Israeli gas fuel tech could power future Chryslers, Fiats

Israel’s alternative fuels initiative has entered into a deal with several of the world’s largest vehicle makers to help develop gas-based fuels

Illustrative photo of new cars at the port of Eilat on their way to being sold in Israel, July 2009. (photo credit: Yossi Zamir/Flash90)
Illustrative photo of new cars at the port of Eilat on their way to being sold in Israel, July 2009. (photo credit: Yossi Zamir/Flash90)

Oil prices are low now, but there’s no guarantee they will remain that way. In the long term, developing alternative fuels remains a priority of governments, start-ups — and automobile manufacturers, who sell more vehicles when the fuel that runs them is cheaper.

It’s to that end that the Israel Fuel Choices Initiative (IFCI), a project of the Prime Minister’s Office (PMO), this week signed a non-binding Memorandum of Understanding (MoU) with Fiat Chrysler Automobiles (FCA), Iveco (a Brand of CNH Industrial) and Magneti Marelli (FCA Group) for cooperation in the development of natural-gas based technologies, developing fuels for cars, trucks and buses, based on gas.

Launched in 2011, IFCI seeks to make Israel a leader in alternative energies for transportation — including developing electrical, biofuel, hydrogen, natural gas, and other fuel solutions for vehicles. The group includes representatives of nine government ministries. And Eyal Rosner, chairman and director of IFCI, is a sort of “godfather,” coordinating the activities, the funding, and the development of technologies such as fuel cells, electric vehicles, hybrids, biodiesel-fueled vehicles, ethanol/methanol fuel, and even algae fuel.

While alternatives exist for electricity production — the government’s plan, which is currently behind schedule, is to have 10-20% of the country’s electricity produced from non-fossil fuel sources by 2020 — gasoline refined from oil has a near monopoly as a transportation fuel: 96% of the vehicles in the world are powered by gas engines. For many countries, oil for transportation takes a huge chunk of the national GDP (oil accounts for nearly 20% of Israel’s total imports), and oil in transportation is estimated to be the source of about 25% of greenhouse gases.

So there are good reasons for the world to be interested in alternative fuels — and IFCI seeks to make Israel a center of that effort. According to the group’s strategic plan, “we intend to make use of Israel’s strengths, including its interdisciplinary nature and Israeli entrepreneurs’ operational agility, as well as the research power and the exceptional cooperation between academic research bodies and industry” to turn the country into a world showplace of alternative fuel development and deployment.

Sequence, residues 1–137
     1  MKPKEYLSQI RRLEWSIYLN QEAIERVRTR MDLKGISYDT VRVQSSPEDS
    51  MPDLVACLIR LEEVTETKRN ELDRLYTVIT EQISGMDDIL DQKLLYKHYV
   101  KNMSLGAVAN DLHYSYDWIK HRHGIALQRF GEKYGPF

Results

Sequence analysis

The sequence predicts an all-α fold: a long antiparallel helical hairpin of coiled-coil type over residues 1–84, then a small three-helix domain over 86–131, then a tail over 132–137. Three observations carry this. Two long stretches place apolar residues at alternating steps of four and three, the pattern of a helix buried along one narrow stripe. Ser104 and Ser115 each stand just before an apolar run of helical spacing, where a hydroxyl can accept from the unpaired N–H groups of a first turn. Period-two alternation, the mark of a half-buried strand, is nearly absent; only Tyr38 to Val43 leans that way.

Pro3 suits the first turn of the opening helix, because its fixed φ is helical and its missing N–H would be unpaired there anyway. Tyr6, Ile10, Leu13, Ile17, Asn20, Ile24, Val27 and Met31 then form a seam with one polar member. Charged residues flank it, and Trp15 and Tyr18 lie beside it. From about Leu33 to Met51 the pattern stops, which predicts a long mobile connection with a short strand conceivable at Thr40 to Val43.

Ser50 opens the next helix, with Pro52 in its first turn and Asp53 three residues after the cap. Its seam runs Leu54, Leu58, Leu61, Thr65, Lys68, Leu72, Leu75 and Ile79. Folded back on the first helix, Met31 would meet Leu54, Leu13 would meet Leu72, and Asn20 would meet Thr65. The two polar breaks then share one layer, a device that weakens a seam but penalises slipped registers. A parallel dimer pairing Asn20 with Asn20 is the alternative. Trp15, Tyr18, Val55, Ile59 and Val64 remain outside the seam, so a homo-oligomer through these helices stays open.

According to the group, “In order to jump-start the development of solutions and to catalyze a global move toward alternative fuels, we are turning Israel into a test bed, which, together with the technological activity in the country, will attract partners from throughout the world. International cooperation is an important component of our activities. A global-scale problem requires global-scale collaboration to be overcome.”

And despite Israel’s previous foray into alternative fuel vehicles — the Better Place experiment fell apart, experts say, because the Israeli electric-vehicle company made a number of ill-advised marketing, manufacturing and management decisions — the world has not soured on Israeli technology for alternative fuels.

One good example is the Phinergy aluminum-air battery for electric vehicles, which solves a major problem of electric vehicles — the short range of travel provided by batteries before a recharge is needed. The Phinergy battery allows a threefold increase in travel range over a 
regular electric vehicle, and weighs much less than conventional batteries.

US President Barack Obama, on his 2013 visit to Israel, reviewed the Phinergy technology — and recommended that the company get in touch “with Ford or GM about this.”

In the new deal, IFCI will coordinate with Fiat Chrysler, Iveco, and Magneti Marelli to develop natural-gas based fuels. The sides are also discussing the possibility of establishing an extended R&D cooperation program involving Israeli companies in fields related to alternative fuels, smart mobility and other automotive-industry related activities. The organizations will discuss timetables and specifics in meetings over the coming months, as they negotiate a final deal.

According to IFCI, its new partners “are strongly committed to reducing the environmental impact of road transport and this is a key pillar of their highly ranked sustainability policies.”

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